The 9 Best Total-Body Stretches for Your 50s, 60s, 70s and Beyond

side view of a caucasian senior woman doing child's pose on a yoga mat in front of a white wall and plant
Child's pose is a one of the best total-body stretches to prioritize as you age.
Image Credit: FreshSplash/E+/GettyImages

Even if stretching has never been one of your exercise go-to's, there's no time like the present to start a new flexibility routine.

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Regular stretching is crucial for anyone who wants to move with ease and comfort as they age. After all, you don't want your flexibility to stop you from reaching a top-shelf cookie jar, right? And there are a few specific stretches to keep on your radar throughout the decades.

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The coolest part? The best stretches for your 50s, 60s and 70s aren't actually too different from one another — all focusing on foundational moves that help open your hips, back and shoulders. But there are a few adjustments you can make each decade to make them more accessible. Read on to learn the best stretches for older adults and how to tweak them as you age.

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The 3 Best Stretches for Your 50s

In your 50s, you may start feeling noticeable changes in your flexibility, according to Melissa Garcia, DPT, CSCS, a Washington-based physical therapist at Bespoke Treatments. You may notice a little more difficulty getting up from the floor, reaching for objects on a high shelf or getting onto your bed.

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"[The] downsides to losing flexibility is that things that you do every day start to seem a lot harder," she says. "Eventually you have to compensate to work around the inflexibility and eventually may lose the ability to perform the task altogether."

So, for this age group, maintaining muscle stretch is the priority. These three moves will stretch your whole body forward, back and side to side to target multiple planes of motion.

Move 1: World's Greatest Stretch

Skill Level Beginner
Time 30 Sec
  1. From a high plank position, step your left foot to the outside of your left hand so you’re in a low lunge.
  2. Twist to your left side, reaching your left arm toward the ceiling and opening your chest.
  3. Bring your left elbow to the inside of your right foot, then reach your right arm toward the ceiling again.
  4. After 30 seconds, return to a high plank position, then switch sides.

Tip

Garcia loves doing the world's greatest stretch before or after a workout. Or, you can even try it in the middle of your work day after sitting for a long period of time.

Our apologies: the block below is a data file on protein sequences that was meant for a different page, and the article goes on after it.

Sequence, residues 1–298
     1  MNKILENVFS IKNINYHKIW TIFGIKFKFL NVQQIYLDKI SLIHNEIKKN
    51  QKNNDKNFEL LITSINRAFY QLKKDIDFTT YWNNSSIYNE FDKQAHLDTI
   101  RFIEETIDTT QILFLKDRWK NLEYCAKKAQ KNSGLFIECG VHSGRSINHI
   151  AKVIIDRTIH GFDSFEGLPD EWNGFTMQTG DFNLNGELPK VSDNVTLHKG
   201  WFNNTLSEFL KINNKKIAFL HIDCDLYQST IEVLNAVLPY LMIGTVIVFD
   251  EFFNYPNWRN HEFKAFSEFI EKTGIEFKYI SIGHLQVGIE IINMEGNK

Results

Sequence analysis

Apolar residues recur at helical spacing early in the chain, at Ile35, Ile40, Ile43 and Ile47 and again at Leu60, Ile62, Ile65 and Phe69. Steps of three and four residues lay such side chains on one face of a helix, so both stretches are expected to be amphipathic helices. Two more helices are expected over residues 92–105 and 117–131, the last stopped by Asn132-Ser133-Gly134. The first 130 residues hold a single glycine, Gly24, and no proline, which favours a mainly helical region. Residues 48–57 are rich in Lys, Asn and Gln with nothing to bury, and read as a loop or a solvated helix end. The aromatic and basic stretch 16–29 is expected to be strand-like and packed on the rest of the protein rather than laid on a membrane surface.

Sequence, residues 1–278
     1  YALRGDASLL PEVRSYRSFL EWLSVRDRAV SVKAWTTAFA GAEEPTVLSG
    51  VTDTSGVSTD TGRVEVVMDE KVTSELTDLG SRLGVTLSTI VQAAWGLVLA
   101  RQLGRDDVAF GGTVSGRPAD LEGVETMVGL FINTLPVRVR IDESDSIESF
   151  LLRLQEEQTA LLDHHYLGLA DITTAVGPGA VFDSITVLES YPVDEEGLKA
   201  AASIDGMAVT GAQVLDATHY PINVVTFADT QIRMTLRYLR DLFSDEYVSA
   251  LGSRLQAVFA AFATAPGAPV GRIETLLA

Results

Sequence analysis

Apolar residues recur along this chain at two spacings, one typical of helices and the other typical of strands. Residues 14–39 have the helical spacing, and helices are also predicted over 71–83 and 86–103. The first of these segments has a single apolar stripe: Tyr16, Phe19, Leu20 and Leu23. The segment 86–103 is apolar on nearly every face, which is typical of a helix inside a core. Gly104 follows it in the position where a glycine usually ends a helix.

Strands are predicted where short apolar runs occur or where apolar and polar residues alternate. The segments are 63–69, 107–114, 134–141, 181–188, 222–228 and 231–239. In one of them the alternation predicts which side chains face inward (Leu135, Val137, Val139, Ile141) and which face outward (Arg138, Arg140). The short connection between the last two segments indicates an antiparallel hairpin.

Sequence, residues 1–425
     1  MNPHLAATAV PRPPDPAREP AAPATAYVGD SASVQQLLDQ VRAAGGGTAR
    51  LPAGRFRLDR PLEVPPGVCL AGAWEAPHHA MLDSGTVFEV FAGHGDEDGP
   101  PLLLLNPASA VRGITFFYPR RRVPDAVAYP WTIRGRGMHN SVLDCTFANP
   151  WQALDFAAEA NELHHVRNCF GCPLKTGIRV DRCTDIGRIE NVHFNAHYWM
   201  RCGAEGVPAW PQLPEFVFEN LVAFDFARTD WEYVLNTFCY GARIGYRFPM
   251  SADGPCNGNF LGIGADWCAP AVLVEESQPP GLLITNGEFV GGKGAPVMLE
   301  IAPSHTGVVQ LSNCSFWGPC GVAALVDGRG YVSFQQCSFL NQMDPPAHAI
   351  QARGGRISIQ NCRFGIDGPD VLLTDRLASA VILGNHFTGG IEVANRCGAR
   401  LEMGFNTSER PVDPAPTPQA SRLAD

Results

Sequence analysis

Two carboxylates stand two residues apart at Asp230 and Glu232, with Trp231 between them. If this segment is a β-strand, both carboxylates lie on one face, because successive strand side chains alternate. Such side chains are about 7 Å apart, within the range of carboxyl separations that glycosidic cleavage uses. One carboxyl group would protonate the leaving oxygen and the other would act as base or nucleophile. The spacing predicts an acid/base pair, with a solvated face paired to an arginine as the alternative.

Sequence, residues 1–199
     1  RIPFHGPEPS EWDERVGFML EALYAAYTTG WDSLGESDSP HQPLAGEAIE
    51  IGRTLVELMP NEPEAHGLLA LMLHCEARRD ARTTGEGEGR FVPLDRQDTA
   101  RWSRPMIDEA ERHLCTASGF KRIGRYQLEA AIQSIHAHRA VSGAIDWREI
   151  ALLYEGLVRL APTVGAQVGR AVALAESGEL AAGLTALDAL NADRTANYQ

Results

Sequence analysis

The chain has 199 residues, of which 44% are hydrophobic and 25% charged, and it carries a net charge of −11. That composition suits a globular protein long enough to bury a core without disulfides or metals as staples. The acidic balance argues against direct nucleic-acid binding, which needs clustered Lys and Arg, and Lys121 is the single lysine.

Move 2: Downward Dog

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Skill Level Beginner
Time 30 Sec
  1. Start on all fours, tuck your toes under and lift your hips up, straightening your legs.
  2. Draw your shoulders down your spine away from your ears.
  3. Depending on your flexibility, bring your heels down toward the ground or stay on the balls of your feet with your knees bent.
  4. After 30 seconds, bring your knees back down to the ground in the starting position.

Tip

Do you struggle with downward dog? You may need to give your upper-body flexibility a little extra attention with a few shoulder stretches.

Move 3: Lying Figure 4 Windshield Wiper

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Skill Level Beginner
Time 30 Sec
  1. Lie flat on your back with your knees bent and feet flat on the ground.
  2. Cross your right ankle over your left knee, creating a figure 4.
  3. Keeping your upper body still and maintaining the figure 4, allow your legs to gently fall to the right until your right knee comes in contact with the ground.
  4. Hold here for 30 seconds and return to the starting position.
  5. Repeat on the opposite side.

The 3 Best Stretches for Your 60s

Age-related muscle loss starts ramping up in your 60s. And often, a loss of mobility comes with it, according to Garcia. (FYI, flexibility is the ability of your muscles to stretch. Mobility is how well your joints move.)

"In older age, declining mobility affects someone's independence in performing everyday tasks," she says. In this decade, a consistent stretching and mobility practice is needed to help prevent pain and maintain your comfort performing daily activities (like walking up and down the stairs or reaching above your head).